26 Quirky DM February 15, 2012 at 8:51 am

Re: Icasahedrophilia
That all depends how you consider the “tie” situation. In standard 4e mechanics, when a player rolls against a DC, a tie indicates success. Taking the example from your article, the minotaur with +19 to attack is pitted against a warforged with AC 26. (+16 to AC) The minotaur needs a 7 or higher to hit, which gives a 70% hit chance.
Alternatively, with players rolling the dice you would set a DC at 30 with a defense bonus of +16. This means a player succeeds on a 14 or higher, which gives the minotaur a 65% hit chance. (13 or less on the defense roll) So your calculations are off by 1.
However, if you decide to alter the mechanics for defense DCs so a tie goes against the roller, then your numbers work. My preference is to make the check mechanic consist across the entire game- all ties go in favor of the roller.

27 NewDM March 29, 2012 at 3:40 am

While I agree that this idea is cool and sounds like a great way to engage the players more, it also comes with one big drawback. By allowing the players to essentially roll the enemy’s attacks against them, you are taking away the DM’s ability to fudge the numbers behind the screen. I can recall a number of times when I had my monsters either hit a PC to teach the player a lesson, or intentionally missed an attack because I didn’t want to crit the same PC 3 times in a row. I understand you can fudge the damage numbers behind the scenes but you can’t if the players are criting themselves for you! Just sayin.

28 Jess Morris April 4, 2012 at 2:06 pm

I’ve been using this system in my current game for a while now and my players love it, especially as it gives me more head space to prep everything else and keeps them entertained. One of them though, on a rolling a natural 20, asked what that meant. Rolling a natural 20 always means something in D&D, usually something spectacular. I know the rolls are reversed here, and a 1 indicates a monster crit, but it feels like something should happen when the player rolls a natural 20 on defense as well. Any ideas?

29 Ameron (Derek Myers) April 4, 2012 at 3:10 pm

@Jess Morris
How about a natural 20 on a defense roll gives you a bonus to the next defense check made before the end of your next turn (you’re in the zone, if you will). Or better yet, why not let the player roll two defense checks the next time he’s attacked and take the more favourable result? Either option could work. They’re balanced and wouldn’t break the game because really, how often do you roll a 20 (about once in twenty rolls).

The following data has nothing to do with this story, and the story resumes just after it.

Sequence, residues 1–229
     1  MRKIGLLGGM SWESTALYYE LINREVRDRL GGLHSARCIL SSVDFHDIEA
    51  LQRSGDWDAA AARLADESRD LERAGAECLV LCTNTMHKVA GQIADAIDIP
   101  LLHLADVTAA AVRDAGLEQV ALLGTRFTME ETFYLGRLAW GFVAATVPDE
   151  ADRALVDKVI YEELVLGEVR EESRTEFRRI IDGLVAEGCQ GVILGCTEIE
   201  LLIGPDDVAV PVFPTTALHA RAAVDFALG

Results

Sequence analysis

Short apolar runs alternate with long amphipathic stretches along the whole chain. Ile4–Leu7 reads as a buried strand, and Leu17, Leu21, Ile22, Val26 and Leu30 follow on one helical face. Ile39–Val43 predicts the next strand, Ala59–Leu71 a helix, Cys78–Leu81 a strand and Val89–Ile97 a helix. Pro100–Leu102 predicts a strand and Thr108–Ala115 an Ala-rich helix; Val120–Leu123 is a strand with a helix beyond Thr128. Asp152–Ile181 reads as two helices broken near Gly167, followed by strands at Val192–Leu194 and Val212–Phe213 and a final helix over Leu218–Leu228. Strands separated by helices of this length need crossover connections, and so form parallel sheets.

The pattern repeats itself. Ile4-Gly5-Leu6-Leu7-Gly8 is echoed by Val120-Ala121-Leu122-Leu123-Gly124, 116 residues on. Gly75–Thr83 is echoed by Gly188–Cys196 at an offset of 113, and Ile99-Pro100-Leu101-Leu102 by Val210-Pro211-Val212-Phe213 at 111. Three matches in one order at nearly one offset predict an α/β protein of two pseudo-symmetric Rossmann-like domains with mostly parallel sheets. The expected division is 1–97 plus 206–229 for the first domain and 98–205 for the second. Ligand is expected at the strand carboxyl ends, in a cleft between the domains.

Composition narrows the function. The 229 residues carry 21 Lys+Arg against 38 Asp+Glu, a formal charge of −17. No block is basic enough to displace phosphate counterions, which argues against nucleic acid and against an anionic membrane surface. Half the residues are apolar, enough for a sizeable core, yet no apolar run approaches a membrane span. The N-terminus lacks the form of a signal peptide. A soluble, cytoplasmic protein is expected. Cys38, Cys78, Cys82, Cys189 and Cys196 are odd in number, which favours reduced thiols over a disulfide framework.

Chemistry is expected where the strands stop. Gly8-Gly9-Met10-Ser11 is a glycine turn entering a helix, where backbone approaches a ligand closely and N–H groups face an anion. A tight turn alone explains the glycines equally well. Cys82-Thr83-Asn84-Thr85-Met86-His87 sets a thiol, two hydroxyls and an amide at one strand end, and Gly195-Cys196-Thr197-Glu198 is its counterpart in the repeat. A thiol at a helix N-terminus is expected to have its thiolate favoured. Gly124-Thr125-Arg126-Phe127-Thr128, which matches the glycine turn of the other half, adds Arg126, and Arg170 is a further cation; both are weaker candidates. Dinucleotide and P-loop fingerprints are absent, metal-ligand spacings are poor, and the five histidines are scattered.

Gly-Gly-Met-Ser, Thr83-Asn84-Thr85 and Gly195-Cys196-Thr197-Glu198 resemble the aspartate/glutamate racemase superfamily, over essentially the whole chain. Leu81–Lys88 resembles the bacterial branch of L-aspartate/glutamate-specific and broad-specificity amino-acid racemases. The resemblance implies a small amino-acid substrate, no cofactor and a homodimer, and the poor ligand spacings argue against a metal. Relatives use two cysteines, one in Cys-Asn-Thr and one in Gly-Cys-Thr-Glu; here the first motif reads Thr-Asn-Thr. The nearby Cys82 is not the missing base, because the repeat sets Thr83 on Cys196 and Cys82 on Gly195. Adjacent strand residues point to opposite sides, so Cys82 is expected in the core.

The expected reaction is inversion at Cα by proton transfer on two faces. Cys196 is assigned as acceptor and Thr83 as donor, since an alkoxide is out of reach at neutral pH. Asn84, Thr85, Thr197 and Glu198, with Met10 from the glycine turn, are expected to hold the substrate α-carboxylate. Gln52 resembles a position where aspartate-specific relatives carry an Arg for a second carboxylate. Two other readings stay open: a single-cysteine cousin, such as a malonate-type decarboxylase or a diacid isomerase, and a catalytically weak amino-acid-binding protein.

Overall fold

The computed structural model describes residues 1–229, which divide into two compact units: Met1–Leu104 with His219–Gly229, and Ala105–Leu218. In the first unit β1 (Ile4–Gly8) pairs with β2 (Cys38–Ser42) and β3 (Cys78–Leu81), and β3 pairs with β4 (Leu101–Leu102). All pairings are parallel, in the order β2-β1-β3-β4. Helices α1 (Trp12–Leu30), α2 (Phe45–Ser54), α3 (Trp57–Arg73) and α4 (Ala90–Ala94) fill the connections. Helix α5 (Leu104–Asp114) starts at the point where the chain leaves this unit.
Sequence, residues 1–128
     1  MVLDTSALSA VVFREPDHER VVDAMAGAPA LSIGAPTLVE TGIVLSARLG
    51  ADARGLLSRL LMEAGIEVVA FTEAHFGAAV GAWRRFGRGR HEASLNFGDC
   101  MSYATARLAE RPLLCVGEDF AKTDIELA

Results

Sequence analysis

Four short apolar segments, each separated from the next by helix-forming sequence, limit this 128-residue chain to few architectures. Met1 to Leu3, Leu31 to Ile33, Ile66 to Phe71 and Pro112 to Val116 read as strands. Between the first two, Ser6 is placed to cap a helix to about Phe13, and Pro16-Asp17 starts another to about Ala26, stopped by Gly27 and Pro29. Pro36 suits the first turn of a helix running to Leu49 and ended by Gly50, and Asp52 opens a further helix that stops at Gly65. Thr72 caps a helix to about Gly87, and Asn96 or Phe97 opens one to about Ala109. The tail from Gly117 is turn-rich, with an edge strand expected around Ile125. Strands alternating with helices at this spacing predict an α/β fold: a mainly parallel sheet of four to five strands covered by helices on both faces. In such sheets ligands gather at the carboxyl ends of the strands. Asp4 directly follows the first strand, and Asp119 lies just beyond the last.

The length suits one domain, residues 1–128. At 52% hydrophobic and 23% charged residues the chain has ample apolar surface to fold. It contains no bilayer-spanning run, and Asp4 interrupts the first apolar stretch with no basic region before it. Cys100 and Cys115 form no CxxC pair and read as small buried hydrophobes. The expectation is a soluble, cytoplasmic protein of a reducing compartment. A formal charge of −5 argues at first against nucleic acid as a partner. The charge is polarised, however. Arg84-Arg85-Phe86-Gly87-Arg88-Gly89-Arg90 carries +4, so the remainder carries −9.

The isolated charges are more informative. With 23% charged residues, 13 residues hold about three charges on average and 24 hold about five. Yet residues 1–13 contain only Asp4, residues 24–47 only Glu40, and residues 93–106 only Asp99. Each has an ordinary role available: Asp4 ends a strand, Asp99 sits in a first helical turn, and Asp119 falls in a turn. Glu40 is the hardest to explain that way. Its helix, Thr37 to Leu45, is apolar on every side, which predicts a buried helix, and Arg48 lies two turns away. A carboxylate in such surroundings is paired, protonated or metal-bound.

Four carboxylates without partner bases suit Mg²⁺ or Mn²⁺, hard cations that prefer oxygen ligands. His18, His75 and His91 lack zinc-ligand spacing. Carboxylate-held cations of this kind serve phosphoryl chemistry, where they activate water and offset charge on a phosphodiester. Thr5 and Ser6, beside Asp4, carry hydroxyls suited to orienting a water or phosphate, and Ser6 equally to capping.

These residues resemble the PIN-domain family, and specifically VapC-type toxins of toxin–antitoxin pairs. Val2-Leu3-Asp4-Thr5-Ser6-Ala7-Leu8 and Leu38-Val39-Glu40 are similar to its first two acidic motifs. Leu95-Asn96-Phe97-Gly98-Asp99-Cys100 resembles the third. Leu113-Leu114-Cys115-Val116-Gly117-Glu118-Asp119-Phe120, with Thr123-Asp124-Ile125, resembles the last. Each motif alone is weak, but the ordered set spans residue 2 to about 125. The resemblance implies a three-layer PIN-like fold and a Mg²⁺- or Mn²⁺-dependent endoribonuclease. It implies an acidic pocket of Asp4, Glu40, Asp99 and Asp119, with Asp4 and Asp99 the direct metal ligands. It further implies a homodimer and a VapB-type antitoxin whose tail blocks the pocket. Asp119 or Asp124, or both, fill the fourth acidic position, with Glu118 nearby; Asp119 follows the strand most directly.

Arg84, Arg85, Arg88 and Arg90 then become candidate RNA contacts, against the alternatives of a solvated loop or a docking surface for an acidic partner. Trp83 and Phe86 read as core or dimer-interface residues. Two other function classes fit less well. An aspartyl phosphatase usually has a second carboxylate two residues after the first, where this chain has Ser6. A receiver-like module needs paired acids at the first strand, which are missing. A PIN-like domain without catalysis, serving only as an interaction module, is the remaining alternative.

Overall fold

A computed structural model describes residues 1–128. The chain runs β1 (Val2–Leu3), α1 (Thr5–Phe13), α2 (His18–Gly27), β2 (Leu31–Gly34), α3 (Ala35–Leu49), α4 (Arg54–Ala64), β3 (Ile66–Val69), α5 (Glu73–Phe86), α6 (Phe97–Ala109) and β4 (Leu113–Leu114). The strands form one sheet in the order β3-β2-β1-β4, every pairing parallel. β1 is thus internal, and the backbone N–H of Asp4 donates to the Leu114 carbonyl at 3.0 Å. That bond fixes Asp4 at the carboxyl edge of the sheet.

30 John October 20, 2012 at 4:26 pm

I can’t wait to try this out. I love rolling dice even as DM but do find there’s just too much going on sometimes. In thinking of variations and options of this active defense–if one or two players just aren’t as excited about more dice rolling– 1. Is it desirable or feasible to use active defense for say 4 players and use the standard method for the 5th player? Granted this is one more detail to keep track of, but could it work? And 2. if the players like active defense but don’t love it, or are indifferent, could you use this for certain epic battles or unique extended contexts (within a certain building or area or while fighting certain creatures) where the storyline would explain why the PC’s are more actively defending themselves?

31 James December 19, 2012 at 8:18 pm

@Jess Morris – if a 1 on a defense roll is equivalent to a 20 on an attack, it stands to reason that a 20 on a defense roll is equivalent to a 1 on an attack roll.

32 Doug September 8, 2013 at 5:41 pm

I just added this aspect to my game yesterday, and let me tell you the difference it has made in my players. They’re more attentive to combat, they like the dice rolling, and appreciate their AC bonuses now.

The only thing is I do tend to hit less often with my monsters, and after reading through the comments about the hit probability math, I will have to add a small bonus (like the +1 mentioned in one comment).

But, just for the fact that I have engaged players again, and not bored ones turning to their smartphones to bide their time, I am completely stoked about this new rule change.